The horrendous misdescription of Gen X as the paragons of "I got here by my own hard work" is the complete opposite of the snarky, slack, adrift generation Douglas Coupland described. Pretty much every stereotype with which the Millennials were maligned in this episode (apart from the addiction to devices) was sneeringly lobbed at Gen X by Baby Boomers, back when the Gen X-ers were in their 20s. (Just re-watch the first few episodes of Survivor: Africa for a refresher.) For the record: Pavement's Stephen Malkmus, with his laconic delivery and disinterest in fame, was our muse. Clerks's smug dismissal of adult responsibility was our mantra. We grew up playing videogames (Atari! Nintendo! Oregon Trail!) and programming computers. So, dear Boomers: stop trying to turn us into you. We're not you. Gah.

 

But if this theme disappears in a few episodes, and cross-generational alliances form, we certainly won't complain. Either way, at least the premiere's theme over-emphasis still beats spending all night outdoors in the middle of a cyclone.

 

Zeke

Who met or exceeded our expectations?

- Zeke - Yes. Oh, yes. Who cares about the mustache and retiree attire? He's indeed a Survivor natural. He had a lot of exposure, to be sure. But he so fully embraced the experience, it's impossible to begrudge his airtime. He earned it. Any time someone gets hyped by Probst as much as Zeke, you have to worry. But those fears were undeserved. Welcome to the show, Zeke.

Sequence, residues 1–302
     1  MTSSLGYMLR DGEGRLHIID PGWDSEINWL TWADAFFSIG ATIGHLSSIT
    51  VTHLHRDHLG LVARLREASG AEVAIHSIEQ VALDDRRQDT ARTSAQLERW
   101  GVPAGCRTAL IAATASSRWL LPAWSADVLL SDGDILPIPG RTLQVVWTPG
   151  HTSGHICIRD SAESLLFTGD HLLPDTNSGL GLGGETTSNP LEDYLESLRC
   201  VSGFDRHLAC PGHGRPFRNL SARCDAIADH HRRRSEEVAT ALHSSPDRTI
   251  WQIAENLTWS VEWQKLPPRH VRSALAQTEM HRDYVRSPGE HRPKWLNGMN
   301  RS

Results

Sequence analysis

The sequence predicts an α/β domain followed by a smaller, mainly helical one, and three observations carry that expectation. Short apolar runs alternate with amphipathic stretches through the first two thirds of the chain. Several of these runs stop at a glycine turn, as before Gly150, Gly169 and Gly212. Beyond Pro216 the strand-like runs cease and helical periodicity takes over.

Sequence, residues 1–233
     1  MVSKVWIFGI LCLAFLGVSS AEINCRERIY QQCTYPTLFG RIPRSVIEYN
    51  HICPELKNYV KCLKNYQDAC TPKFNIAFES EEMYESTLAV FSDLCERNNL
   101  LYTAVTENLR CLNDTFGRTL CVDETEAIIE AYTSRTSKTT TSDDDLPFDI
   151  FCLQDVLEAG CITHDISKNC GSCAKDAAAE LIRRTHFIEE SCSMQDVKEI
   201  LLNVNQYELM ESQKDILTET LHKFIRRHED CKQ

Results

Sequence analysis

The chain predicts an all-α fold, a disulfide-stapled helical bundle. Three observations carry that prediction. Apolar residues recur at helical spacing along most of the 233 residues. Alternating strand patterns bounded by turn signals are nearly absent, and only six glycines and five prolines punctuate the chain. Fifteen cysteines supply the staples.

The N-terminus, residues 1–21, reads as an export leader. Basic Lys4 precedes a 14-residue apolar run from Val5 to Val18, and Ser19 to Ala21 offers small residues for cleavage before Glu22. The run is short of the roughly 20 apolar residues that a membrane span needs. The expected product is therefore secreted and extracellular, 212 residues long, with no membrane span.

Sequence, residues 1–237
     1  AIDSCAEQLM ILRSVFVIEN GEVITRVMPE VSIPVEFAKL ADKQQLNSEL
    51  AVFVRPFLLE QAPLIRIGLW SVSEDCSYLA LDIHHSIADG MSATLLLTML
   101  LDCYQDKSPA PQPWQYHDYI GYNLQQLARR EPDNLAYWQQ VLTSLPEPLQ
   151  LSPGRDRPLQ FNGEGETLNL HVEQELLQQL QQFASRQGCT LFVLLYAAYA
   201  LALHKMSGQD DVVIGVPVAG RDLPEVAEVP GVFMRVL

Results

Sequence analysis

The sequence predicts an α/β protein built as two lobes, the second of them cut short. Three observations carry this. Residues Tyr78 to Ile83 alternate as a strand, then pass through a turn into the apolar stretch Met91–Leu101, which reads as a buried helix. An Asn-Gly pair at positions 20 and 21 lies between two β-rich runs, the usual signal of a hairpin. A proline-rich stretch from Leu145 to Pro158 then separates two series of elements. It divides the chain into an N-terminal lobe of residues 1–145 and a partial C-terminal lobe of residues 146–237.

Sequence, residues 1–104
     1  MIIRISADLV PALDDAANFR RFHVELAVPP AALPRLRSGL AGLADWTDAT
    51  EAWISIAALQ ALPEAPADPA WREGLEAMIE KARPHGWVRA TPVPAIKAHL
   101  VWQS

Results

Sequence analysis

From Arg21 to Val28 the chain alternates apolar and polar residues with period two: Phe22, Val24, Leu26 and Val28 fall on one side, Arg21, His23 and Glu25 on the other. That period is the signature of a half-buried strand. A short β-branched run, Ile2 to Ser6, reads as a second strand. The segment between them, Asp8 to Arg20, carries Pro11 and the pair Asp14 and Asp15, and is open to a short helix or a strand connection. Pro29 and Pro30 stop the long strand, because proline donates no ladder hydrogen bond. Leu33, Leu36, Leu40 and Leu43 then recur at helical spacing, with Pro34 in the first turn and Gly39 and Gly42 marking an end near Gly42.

- Mari - Much better than expected. Mari's first few confessionals had us worried (especially in the opening sequence). Her "I'm going to win" seemed baselessly overconfident and rehearsed. A boasting YouTuber, tossing out trite trash talk as they narrate yet another playthrough. That all changed, however, the second Hannah and Mari had their Freaks and Geeks alliance discussion. Almost immediately, Mari evolved into someone legitimately invested in playing Survivor. Not only that, but she then went and did the footwork necessary to achieve those goals, pulling in Adam and Michaela. (Notably, neither Zeke nor Will was ever shown being approached, so as shown, it's just a second four-person alliance. But it's a start.) She's still at risk as the "mom" of the tribe, but she seems to have a good head for the game, and we anticipate good things to come.